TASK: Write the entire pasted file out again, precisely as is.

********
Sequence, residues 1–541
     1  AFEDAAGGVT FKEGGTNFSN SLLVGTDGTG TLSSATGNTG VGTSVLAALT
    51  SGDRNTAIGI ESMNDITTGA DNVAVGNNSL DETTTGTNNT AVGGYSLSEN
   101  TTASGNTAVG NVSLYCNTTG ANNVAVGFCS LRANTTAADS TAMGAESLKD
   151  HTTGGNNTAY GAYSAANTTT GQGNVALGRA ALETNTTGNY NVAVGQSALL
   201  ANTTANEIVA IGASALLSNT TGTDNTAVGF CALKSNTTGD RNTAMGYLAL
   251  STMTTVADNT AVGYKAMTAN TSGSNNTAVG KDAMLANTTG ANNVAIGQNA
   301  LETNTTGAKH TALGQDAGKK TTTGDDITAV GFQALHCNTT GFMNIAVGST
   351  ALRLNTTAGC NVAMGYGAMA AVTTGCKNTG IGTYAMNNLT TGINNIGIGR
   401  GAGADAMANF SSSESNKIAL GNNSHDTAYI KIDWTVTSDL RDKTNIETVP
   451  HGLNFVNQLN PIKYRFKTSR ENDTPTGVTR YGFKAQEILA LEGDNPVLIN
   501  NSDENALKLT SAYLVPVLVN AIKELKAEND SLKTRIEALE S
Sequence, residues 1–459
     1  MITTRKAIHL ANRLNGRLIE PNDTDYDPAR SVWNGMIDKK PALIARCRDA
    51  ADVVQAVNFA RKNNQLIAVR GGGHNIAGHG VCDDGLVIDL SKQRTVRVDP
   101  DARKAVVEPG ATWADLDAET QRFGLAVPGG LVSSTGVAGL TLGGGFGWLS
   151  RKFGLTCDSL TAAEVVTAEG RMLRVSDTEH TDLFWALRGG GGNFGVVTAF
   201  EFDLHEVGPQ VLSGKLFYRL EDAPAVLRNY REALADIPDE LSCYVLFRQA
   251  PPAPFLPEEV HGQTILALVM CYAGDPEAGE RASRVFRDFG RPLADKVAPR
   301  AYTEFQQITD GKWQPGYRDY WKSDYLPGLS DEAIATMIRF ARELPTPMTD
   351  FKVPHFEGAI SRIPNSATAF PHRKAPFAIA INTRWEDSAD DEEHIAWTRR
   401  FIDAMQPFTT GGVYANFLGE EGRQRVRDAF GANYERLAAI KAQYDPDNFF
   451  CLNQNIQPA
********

Sequence, residues 1–541
     1  AFEDAAGGVT FKEGGTNFSN SLLVGTDGTG TLSSATGNTG VGTSVLAALT
    51  SGDRNTAIGI ESMNDITTGA DNVAVGNNSL DETTTGTNNT AVGGYSLSEN
   101  TTASGNTAVG NVSLYCNTTG ANNVAVGFCS LRANTTAADS TAMGAESLKD
   151  HTTGGNNTAY GAYSAANTTT GQGNVALGRA ALETNTTGNY NVAVGQSALL
   201  ANTTANEIVA IGASALLSNT TGTDNTAVGF CALKSNTTGD RNTAMGYLAL
   251  STMTTVADNT AVGYKAMTAN TSGSNNTAVG KDAMLANTTG ANNVAIGQNA
   301  LETNTTGAKH TALGQDAGKK TTTGDDITAV GFQALHCNTT GFMNIAVGST
   351  ALRLNTTAGC NVAMGYGAMA AVTTGCKNTG IGTYAMNNLT TGINNIGIGR
   401  GAGADAMANF SSSESNKIAL GNNSHDTAYI KIDWTVTSDL RDKTNIETVP
   451  HGLNFVNQLN PIKYRFKTSR ENDTPTGVTR YGFKAQEILA LEGDNPVLIN
   501  NSDENALKLT SAYLVPVLVN AIKELKAEND SLKTRIEALE S
Sequence, residues 1–459
     1  MITTRKAIHL ANRLNGRLIE PNDTDYDPAR SVWNGMIDKK PALIARCRDA
    51  ADVVQAVNFA RKNNQLIAVR GGGHNIAGHG VCDDGLVIDL SKQRTVRVDP
   101  DARKAVVEPG ATWADLDAET QRFGLAVPGG LVSSTGVAGL TLGGGFGWLS
   151  RKFGLTCDSL TAAEVVTAEG RMLRVSDTEH TDLFWALRGG GGNFGVVTAF
   201  EFDLHEVGPQ VLSGKLFYRL EDAPAVLRNY REALADIPDE LSCYVLFRQA
   251  PPAPFLPEEV HGQTILALVM CYAGDPEAGE RASRVFRDFG RPLADKVAPR
   301  AYTEFQQITD GKWQPGYRDY WKSDYLPGLS DEAIATMIRF ARELPTPMTD
   351  FKVPHFEGAI SRIPNSATAF PHRKAPFAIA INTRWEDSAD DEEHIAWTRR
   401  FIDAMQPFTT GGVYANFLGE EGRQRVRDAF GANYERLAAI KAQYDPDNFF
   451  CLNQNIQPA